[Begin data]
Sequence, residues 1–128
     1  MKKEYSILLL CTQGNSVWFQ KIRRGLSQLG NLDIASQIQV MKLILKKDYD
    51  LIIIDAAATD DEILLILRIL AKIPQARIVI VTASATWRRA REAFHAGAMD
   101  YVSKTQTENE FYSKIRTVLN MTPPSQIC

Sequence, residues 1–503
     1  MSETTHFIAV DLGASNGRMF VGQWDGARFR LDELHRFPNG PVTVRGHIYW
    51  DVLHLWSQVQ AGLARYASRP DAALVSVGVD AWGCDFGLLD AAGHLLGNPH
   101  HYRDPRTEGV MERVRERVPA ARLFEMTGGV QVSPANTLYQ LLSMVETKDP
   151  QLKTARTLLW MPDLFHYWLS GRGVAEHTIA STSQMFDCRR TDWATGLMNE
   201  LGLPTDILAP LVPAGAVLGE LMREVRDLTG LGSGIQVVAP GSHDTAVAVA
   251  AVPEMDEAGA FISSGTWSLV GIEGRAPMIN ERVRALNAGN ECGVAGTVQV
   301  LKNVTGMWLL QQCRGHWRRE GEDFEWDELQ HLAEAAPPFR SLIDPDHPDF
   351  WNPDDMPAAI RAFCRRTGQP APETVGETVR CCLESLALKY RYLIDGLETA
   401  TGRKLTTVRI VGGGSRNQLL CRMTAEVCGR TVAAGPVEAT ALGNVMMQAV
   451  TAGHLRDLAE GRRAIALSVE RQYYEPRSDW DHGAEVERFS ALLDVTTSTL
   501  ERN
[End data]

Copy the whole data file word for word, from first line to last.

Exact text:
Sequence, residues 1–128
     1  MKKEYSILLL CTQGNSVWFQ KIRRGLSQLG NLDIASQIQV MKLILKKDYD
    51  LIIIDAAATD DEILLILRIL AKIPQARIVI VTASATWRRA REAFHAGAMD
   101  YVSKTQTENE FYSKIRTVLN MTPPSQIC

Sequence, residues 1–503
     1  MSETTHFIAV DLGASNGRMF VGQWDGARFR LDELHRFPNG PVTVRGHIYW
    51  DVLHLWSQVQ AGLARYASRP DAALVSVGVD AWGCDFGLLD AAGHLLGNPH
   101  HYRDPRTEGV MERVRERVPA ARLFEMTGGV QVSPANTLYQ LLSMVETKDP
   151  QLKTARTLLW MPDLFHYWLS GRGVAEHTIA STSQMFDCRR TDWATGLMNE
   201  LGLPTDILAP LVPAGAVLGE LMREVRDLTG LGSGIQVVAP GSHDTAVAVA
   251  AVPEMDEAGA FISSGTWSLV GIEGRAPMIN ERVRALNAGN ECGVAGTVQV
   301  LKNVTGMWLL QQCRGHWRRE GEDFEWDELQ HLAEAAPPFR SLIDPDHPDF
   351  WNPDDMPAAI RAFCRRTGQP APETVGETVR CCLESLALKY RYLIDGLETA
   401  TGRKLTTVRI VGGGSRNQLL CRMTAEVCGR TVAAGPVEAT ALGNVMMQAV
   451  TAGHLRDLAE GRRAIALSVE RQYYEPRSDW DHGAEVERFS ALLDVTTSTL
   501  ERN